- Current year net profit/loss (in traditional accounting that is without a real-time software such as SAP, there is no current year net profit/loss account. The Balance Sheet is usually prepared at the end of fiscal period, such as December 31 every year. All of the profit/loss in that year from Profit & Loss Statement, after deducted by dividend that given to shareholders, will be recorded as an addition to Retained earning account. But, in SAP system, the current year net profit/loss from Profit & Loss Statement is directly recorded in balance sheet under equity, without waiting transferred to retained earning account, so it is possible to have a snapshot of enterprise balance sheet at any time along the year, not have to wait until the end of year.)
Revenues are inflows of assets from providing goods and services to customers, such as:
- Sales to customers.
- Gain from foreign currency exchange transaction
- Cost of goods sold (COGS) include raw material consumption, etc
- General and administrative expenses include salaries, rent, and other items
- Tax expense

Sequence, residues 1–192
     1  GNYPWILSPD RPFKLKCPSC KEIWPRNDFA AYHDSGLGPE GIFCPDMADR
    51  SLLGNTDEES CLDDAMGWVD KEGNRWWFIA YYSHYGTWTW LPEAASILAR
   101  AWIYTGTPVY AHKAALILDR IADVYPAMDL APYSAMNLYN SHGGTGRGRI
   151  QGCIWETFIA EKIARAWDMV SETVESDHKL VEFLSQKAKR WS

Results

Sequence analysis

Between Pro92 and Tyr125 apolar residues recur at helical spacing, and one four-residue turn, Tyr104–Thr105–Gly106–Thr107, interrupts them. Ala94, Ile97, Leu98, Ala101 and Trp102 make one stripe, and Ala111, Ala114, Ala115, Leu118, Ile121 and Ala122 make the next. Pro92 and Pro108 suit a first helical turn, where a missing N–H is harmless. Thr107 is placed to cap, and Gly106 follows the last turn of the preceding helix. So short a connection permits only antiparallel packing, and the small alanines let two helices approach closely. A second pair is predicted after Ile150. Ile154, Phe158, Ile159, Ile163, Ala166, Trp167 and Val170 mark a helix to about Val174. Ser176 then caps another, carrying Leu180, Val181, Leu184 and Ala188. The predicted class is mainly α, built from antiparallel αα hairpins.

The balance sheet represents an expansion of the accounting equation and explains the various categories of assets, liabilities, and equity. The profit & loss statement explains changes in financial position (that is, assets and liabilities) that result from profit generating transactions in terms of revenue and expense transactions. The resulting number, net profit, represents an addition to the equity in the enterprise. This relationship is called articulation.
DEBIT and CREDIT rules in accounting journal
Name of account
Increases in Assets are recorded by debits.
Decreases in Assets are recorded by credits.
Increases in Liabilities and Equity are recorded by credits.
Decreases in Liabilities and Equity are recorded by debits.
Revenues increases equity, therefore revenue are recorded by a credits.
Expenses decreases equity, therefore expenses are recorded by a debits.
Accounting journals of MM Transactions
The MM transactions which have effect to accounting (FICO module) are transactions that involve valuated-materials (and also non-valuated-materials for GR for PO transaction), such as:
- GR for initial entry for stock balance (movement type: 561)
- GR for Purchase Order/PO (movement type: 101)
- GR other/without PO (movement type: 501)
- GI to cost center (movement type: 201)
- GI to sales order (movement type: 231)
- GI to asset (movement type: 241)
- GI for sales (movement type: 251)
- GI to order (movement type: 261)
- GI for scrapping (movement type: 551)
- Transfer material to material (movement type: 309) if the receiving material has different valuation class with the supplying material
- GR Subcontract PO
- GR for Subcontract PO material (movement type: 101) and GI for component material provided to vendor (movement type: 543)
- Physical Inventory difference posting
- GR for gain on physical inventory count (movement type: 701)
- o GI for loss on physical inventory count (movement type: 702)